Broadway dancing is known as a style of jazz dance which has become popularised by both Broadway musicals and musical theatre across the world. The method is differentiated from other freer forms of jazz dancing, as Broadway jazz dancing is almost always heavily choreographed and requires a great deal of practice to be proficient at it.
Some of the earliest choreographers who made the style famous were Bob Fosse, Jack Cole, Gus Giordano, and Eugene Louis Faccuito. Their techniques all revolved around creating dances which would entrance an audience, focusing on moves that would be difficult or impossible for the average audience member to perform themselves. It was also due to this need for highly trained professionals that being a dancer as a career started to become viable, although it would often be a short-lived career due to the high physical demand of the job.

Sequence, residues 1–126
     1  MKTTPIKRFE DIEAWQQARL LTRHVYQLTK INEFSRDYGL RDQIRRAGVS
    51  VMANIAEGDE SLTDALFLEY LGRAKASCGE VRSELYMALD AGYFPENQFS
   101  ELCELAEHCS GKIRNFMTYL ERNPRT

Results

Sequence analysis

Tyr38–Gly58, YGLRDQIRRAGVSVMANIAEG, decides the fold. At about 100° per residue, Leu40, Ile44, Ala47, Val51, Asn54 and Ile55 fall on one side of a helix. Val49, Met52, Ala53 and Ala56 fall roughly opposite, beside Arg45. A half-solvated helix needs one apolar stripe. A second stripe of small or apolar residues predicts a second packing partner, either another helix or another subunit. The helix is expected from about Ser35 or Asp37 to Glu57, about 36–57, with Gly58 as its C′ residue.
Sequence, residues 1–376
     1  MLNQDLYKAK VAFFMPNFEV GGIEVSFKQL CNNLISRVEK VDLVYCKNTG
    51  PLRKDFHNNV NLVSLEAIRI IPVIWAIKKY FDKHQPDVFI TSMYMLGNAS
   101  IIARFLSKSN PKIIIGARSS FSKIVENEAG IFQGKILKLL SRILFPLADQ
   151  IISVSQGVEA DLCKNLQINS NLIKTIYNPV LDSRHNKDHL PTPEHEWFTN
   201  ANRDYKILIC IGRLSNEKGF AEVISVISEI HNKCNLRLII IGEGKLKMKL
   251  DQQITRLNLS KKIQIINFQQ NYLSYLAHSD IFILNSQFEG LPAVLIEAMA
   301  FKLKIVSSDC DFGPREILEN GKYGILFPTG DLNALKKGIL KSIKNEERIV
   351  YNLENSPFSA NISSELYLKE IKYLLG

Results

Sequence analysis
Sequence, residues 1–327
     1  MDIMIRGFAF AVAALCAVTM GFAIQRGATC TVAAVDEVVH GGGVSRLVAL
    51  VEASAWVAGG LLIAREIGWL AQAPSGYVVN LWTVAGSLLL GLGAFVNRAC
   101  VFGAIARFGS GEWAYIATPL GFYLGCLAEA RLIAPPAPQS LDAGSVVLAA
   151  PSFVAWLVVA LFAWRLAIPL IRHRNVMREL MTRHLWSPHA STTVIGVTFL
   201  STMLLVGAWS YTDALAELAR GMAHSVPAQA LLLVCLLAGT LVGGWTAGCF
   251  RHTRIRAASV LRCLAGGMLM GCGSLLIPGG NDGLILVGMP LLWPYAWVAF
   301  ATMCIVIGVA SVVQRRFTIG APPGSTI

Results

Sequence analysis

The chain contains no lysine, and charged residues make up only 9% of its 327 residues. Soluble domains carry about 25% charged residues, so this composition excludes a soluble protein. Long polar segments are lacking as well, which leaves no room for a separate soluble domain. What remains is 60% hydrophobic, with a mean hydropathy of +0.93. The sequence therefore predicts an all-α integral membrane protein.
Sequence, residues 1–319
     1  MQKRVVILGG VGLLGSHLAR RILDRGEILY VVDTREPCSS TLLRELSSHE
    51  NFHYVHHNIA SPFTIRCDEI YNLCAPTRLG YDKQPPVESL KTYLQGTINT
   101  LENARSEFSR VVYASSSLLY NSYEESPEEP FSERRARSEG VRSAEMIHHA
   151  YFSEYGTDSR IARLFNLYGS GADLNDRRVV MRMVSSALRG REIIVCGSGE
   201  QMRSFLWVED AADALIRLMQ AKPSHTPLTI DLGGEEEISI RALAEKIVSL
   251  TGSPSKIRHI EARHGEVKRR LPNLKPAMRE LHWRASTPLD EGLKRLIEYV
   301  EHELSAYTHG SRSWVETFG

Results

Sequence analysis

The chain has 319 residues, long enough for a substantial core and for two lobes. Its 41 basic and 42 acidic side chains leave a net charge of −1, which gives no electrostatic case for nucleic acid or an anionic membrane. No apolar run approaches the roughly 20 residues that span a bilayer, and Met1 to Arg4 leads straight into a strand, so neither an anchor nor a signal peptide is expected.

The style of choreographed dance eventually found its way into movies, with several films helping to popularise the fashion in American culture, such as Kismet, released in 1944, and Gilda, released in 1946. These films helped introduce several places in the United States to dancing when these places might otherwise not have been exposed to it at all, particularly more rural areas that did not have musical theatres but did have cinemas. Although political statements were often made through films, one thing that musical films very often shared, was that they were apolitical, not attempting to convey a particular message regarding politics. However, this has changed somewhat over the years, as many more modern films have decided to include political messages, particularly relating to the empowerment of women.